Chief Justice Bell during his swearing in speech stated:
“The significance of the work of the Supreme Court of New South Wales extends far beyond the resolution of the several thousand cases it deals with each year. As important as the quelling of controversy in any given case is to the parties involved, every decision given reinforces and publicly affirms the fact that we have, in this State, a system of justice that is administered fairly and impartially, in open court, by judges who are independent of the executive government, and who are of the highest integrity and calibre. It is a system of justice in which the citizens of New South Wales may have confidence and without which the rule of law on which our democracy rests would be an empty letter.”
The Role of Education
During His Honour’s interview with the Rule of Law Education Centre we asked His Honour whether enough people understand the principle of the rule of law as the thing that sets us apart from authoritarian regimes. In response he said:
“explaining the role of the rule of law, which at its core, is the antithesis of arbitrary rule and the arbitrary exercise of power. I think that explaining the rule of law in those terms is very important in the context of contrasting our society and our community, with the examples of authoritarianism, which we are seeing on the rise.
I go back really to what I said at the outset, it’s something that simply can’t be taken for granted. It’s a value which needs to be understood by the young people coming through schools and universities, who become, as voters and adults, a critical part of our democracy, so that’s why there needs to be a sense, not only constant vigilance, but also strong educational initiatives, that are taken to make sure that an abstract concept is understood to have very concrete ramifications.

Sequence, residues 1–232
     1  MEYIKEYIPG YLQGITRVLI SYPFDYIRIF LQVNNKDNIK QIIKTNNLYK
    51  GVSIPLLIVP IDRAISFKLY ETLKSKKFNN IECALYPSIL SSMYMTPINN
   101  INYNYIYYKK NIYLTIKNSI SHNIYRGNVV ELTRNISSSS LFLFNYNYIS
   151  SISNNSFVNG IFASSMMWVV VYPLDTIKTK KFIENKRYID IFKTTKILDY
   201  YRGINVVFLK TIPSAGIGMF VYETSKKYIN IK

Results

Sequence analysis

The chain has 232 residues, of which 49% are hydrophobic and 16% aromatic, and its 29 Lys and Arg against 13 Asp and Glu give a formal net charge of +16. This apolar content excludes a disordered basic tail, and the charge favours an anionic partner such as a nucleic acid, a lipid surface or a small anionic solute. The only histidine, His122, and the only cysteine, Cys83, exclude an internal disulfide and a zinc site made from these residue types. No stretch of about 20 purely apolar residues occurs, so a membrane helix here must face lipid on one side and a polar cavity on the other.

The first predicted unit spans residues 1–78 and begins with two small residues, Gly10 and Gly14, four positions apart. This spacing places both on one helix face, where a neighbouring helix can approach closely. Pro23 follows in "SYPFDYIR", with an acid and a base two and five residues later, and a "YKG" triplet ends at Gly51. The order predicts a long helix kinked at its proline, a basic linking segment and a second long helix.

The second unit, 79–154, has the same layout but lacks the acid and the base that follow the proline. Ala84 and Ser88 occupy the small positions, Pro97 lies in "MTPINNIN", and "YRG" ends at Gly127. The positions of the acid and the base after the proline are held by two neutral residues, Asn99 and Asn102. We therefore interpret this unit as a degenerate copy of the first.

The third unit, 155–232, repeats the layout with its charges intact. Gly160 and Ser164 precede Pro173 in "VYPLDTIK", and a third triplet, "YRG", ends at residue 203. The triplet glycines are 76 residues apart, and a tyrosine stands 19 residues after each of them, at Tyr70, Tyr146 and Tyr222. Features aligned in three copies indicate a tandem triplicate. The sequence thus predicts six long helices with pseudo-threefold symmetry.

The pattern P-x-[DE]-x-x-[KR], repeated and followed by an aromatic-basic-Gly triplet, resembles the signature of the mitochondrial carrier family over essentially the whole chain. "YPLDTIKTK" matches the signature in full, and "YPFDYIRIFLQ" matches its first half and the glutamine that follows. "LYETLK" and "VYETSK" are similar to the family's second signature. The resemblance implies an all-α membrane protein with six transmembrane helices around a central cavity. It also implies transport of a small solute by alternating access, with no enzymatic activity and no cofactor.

That really is, I think, the challenge for the rule of law. Lawyers and people concerned with the health of our democracy have a good understanding, but its an abstract concept that has lots of, it operates at all sorts of different levels. And the important challenge is to translate the abstract into the concrete, so that its with the concrete understanding of why it matters, that I think is the challenge for those concerned, to ensure that our society remains as we would all wish it to be. “
The Importance of Judicial Independence
During His Honour’s swearing in speech he said:
“Nor do I want to see a society in which a political leader says, as a former United States President is reported to have said, that he expected his judicial nominees to the “do the right thing” by his or her appointor. That frankly medieval notion is anathema to and corrosive of a fundamental tenet of a modern democracy.
These examples supply powerful reasons why public education as to the role of the courts, the importance of judicial independence and respect for the rule of law in our civic society is essential.”
This reference to “do the right things” is in relation to a tweet made by Former US President Donald Trump in 2015 during his election campaign, after promising to repeal the Affordable Care Act, commonly known as Obamacare. Chief Justice Roberts famously voted to preserve most of the ACA in NFIB v Sebelius (2012) and later rejected arguments in King v Burwell (2015), which sought to undercut the ACA.